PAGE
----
Understanding MIPS, how much patients cost 'the system'
As physicians convert to the Merit-Based Incentive Payment System, they will eventually be required to consider the cost of care they deliver to patients.
Do you know how much your patients cost "the system" and how much of their total cost you can control? Soon, you will.
The Merit-Based Incentive Payment System (MIPS), part of the Quality Payment Program (QPP), is based on a clinician's performance in four reporting categories, the fourth of which is cost, which replaces the value-based modifier program. (The last three Practice Tips columns covered the other three MIPS performance categories: quality, advancing care information, and improvement activities.) Cost (formerly referred to as "resource use") will not count toward the total MIPS score during 2017, the transition year.
Cost is a component of value. Thus, in order to measure value, the QPP must measure cost. The idea in this category is to provide MIPS-eligible clinicians with information needed to provide appropriate care to patients and enhance health outcomes. Cost measures are calculated using claims data and do not require MIPS-eligible clinicians to report any data to CMS.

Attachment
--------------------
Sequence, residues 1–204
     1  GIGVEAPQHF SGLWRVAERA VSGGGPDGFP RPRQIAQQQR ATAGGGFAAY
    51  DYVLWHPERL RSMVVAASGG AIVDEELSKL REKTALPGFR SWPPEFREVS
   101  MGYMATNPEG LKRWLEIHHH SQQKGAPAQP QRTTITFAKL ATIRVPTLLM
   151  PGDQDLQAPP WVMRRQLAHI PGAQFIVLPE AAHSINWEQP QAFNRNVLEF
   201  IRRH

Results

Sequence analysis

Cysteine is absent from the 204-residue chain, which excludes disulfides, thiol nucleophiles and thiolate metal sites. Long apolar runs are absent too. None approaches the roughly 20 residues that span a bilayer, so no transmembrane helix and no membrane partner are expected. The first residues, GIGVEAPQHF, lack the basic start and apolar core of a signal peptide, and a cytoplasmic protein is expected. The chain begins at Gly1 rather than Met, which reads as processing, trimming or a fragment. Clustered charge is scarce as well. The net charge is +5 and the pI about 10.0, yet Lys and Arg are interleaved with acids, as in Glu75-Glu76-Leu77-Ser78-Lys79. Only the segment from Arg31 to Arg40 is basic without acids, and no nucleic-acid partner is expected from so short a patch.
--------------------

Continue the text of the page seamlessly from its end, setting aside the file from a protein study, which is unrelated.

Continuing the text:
Although cost measures will not be used to determine the final MIPS score in 2017, CMS will calculate performance on certain cost measures and provide performance feedback to clinicians. Similar to the value-based modifier program, CMS will calculate measures of total per capita costs for attributed beneficiaries and a Medicare Spending per Beneficiary (MSPB) measure.
In 2017, because the cost performance category will not count toward the total MIPS score, practices will not have to do anything. Clinicians will be evaluated using three types of measures from the value-based modifier program for the cost performance category: total per capita cost, MSPB, and episode-specific measures. Starting in 2018, after the 2017 transition year, CMS will incorporate cost data into the overall MIPS composite score.
The episode-based measures include Medicare Part A and Part B payments for services determined to be related to a triggering high-cost condition or procedure (such as congestive heart failure, diabetes, or hip replacement). The payments included are adjusted for geography and are risk-adjusted for the clinical condition of beneficiaries. Starting in performance year 2018, performance feedback will be available on at least an annual basis (likely more than once a year). These measures will be calculated using claims data, so no additional submission by the physician is required for this performance category.
However, participants need to know how these claims data will be analyzed. Even though the cost performance category is not a factor in the 2017 overall scoring, it is still important to get a handle on how MIPS participants will be scored, as this performance category will be incorporated into the overall score starting in 2018 and will increase to 30% of the MIPS score by the third program year, or 2019.
The best way to prepare for the cost category of MIPS is to review and understand your 2016 Quality and Resource Use Reports.
To understand the value-based modifier program, go online. For more information on the Quality Payment Program, go online.